ELLEN: Each time I’m coming from the airport and I see the skyline I just think “Wow, I’m coming home.” You know? I really feel like this is my city. It is so special because even when I’m in Paris, Berlin and all these other beautiful cities, it’s still not like being in New York. Of course, it’s a sad time at the moment, but I love how quickly and creatively they built up all the outdoor seating restaurants. Some of them with really nice decorations and music. It’s nice to see how New York always overcomes challenges.
FREDERIQUE: And also, that resilience of a New Yorker. It’s interesting to see it from a European perspective. For example, the Dutch if you would say to people you have to take another job or you have to come up with an idea to have a different approach to what you’ve been doing, it’s harder for them. But here in New York people are like “Yes let’s go for it! Come on let’s do it!” And I love that.
GEORGINE: New Yorkers are so strong and also very flexible and easy to adapt to a new situation.
ELLEN: It’s also kind of a survival mode of being a New Yorker. You don’t have the luxury to wait things out, you have to be creative to make it there.
IRIS: What are some things you have been doing during the lockdown to stay creative?
ELLEN: I still have been working but of course much less than normal. Productions have slowly started again with many precautions with testing and mask and everything. You never know how the virus reacts so it’s always stressful after a shoot to not know if you might have it or how your body might react to it. I also did some facetime shoots. Like facetiming a shoot in Paris and another in LA. So, I guess we have found new ways of being creative which is the good side of things I suppose.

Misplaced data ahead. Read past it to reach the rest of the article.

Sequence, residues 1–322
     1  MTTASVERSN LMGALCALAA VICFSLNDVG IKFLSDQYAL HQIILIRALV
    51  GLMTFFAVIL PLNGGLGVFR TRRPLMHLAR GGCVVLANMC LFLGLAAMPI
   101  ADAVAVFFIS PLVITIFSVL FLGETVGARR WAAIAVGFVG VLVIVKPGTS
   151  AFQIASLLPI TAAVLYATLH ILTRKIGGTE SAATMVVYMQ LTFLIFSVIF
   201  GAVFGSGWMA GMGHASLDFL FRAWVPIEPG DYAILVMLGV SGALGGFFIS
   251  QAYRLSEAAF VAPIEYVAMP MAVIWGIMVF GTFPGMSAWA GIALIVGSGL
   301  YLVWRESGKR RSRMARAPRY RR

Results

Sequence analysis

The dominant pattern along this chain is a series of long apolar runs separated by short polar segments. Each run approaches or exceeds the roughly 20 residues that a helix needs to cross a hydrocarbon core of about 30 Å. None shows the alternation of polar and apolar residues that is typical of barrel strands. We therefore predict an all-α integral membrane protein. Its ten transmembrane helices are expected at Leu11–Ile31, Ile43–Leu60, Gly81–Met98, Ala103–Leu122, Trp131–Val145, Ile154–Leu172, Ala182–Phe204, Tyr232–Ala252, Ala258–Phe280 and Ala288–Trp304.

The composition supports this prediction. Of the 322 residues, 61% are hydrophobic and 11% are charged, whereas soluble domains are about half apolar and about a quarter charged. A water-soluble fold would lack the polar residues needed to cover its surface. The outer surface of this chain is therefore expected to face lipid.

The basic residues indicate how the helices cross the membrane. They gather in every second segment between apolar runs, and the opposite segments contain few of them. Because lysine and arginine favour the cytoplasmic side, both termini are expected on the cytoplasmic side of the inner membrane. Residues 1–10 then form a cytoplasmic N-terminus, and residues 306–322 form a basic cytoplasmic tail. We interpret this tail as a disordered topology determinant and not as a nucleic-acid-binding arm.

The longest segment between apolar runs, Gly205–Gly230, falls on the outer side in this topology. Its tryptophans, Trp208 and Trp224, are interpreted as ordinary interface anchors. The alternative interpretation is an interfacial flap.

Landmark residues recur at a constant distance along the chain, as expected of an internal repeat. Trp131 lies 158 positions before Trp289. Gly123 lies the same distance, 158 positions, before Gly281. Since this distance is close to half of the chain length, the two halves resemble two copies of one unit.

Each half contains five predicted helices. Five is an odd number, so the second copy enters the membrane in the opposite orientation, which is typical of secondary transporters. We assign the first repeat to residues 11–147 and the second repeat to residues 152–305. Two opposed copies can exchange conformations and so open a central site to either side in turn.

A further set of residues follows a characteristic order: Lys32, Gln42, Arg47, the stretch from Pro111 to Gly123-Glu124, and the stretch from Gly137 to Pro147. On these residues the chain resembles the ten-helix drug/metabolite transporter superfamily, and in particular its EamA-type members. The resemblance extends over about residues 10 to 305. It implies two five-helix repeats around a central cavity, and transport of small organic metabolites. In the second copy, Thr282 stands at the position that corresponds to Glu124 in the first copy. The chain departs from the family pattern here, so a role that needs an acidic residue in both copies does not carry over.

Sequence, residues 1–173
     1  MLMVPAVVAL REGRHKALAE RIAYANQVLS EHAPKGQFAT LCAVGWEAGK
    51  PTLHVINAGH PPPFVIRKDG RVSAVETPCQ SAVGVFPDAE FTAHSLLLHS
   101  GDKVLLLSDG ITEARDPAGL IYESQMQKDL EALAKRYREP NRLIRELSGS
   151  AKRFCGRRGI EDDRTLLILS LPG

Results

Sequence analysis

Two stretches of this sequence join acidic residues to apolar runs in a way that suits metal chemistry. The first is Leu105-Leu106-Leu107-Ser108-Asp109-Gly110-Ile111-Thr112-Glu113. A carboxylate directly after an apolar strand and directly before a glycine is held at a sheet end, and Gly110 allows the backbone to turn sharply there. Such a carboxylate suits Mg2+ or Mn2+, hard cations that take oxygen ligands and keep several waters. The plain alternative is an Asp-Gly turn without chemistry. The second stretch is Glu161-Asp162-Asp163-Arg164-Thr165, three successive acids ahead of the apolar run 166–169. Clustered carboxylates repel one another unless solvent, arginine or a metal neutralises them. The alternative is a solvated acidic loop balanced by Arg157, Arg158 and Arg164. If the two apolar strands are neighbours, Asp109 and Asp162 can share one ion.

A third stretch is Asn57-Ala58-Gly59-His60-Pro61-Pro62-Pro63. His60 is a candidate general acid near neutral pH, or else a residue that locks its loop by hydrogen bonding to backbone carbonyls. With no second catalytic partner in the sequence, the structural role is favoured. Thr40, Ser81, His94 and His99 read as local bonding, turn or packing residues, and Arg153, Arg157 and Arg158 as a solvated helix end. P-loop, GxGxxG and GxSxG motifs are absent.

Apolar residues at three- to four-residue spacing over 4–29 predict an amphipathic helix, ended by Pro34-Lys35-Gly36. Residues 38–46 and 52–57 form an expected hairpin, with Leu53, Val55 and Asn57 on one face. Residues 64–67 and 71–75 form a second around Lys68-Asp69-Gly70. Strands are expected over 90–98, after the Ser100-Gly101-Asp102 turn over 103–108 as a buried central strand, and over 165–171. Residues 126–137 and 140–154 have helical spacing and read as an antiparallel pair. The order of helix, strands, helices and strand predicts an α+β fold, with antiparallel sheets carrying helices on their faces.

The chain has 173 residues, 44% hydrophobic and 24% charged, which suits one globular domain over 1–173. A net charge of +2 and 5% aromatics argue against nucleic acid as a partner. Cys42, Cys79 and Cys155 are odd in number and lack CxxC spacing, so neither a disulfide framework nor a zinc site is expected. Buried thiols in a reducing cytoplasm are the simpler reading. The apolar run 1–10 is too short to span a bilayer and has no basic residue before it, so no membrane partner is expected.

It can be kind of fun because you feel very voyeuristic since you’re practically in somebody’s apartment.
And then I’m like “Oh, I want to see what is over there… ok you could just sit over there you know and pose like this.” It does feel weird. I would much rather be with somebody in person of course.
FREDERIQUE: I think that the future will be more about coming together. I think we will see more value in what we are doing because of this time of reflection. And be a little bit more focused on what we really want to do. And I think when you do that, as in organizing this shoot and being surrounded with people you like, it creates something great.
ELLEN: I don’t always photograph the people I love for jobs, but I think we can definitely focus more on what we want to say through our work. Now that we see that time is precious and we can’t waste it, I think it’s more important than ever.
IRIS: One of the things that you talked about is reflection. Since we all had much more time for personal reflection, was there anything that you learned about yourself this past year?
FREDERIQUE: Well, I was quite lucky that I could escape to upstate New York where I have a farm. We were able to go back and forth from there and back to the city. It was so nice to be in nature, how healing that was actually. And I realized how much I loved the time I spent in nature and in the garden. Planting and gardening with all this free time felt new to me and it was different to have this solitude with just a few people at my house. Of course, I miss going out and I’m dying to go dancing and to go to all the fun events, but it was interesting to realize how much I actually love being more in nature and working with my hands. So, I ended up creating gardens, planting vegetable, and painting. I loved it.
GEORGINE: We got back from Paris Fashion Week and doing a last minute trunk show in Texas and enjoyed the time off. We are always on the run between places and running around so it was great to have a moment to relax. Catched up on a lot of tv shows and re-watched some classic movies and of course did a lot of cooking.But after a couple of weeks I felt very restless and needed a project. We have always wanted to renovate our showroom and give it new light. This seemed the perfect time for it. If not now, then when? We started with the kitchen area, and before I knew it, we reimagined our entire space and were living in a construction zone for the next 8 months!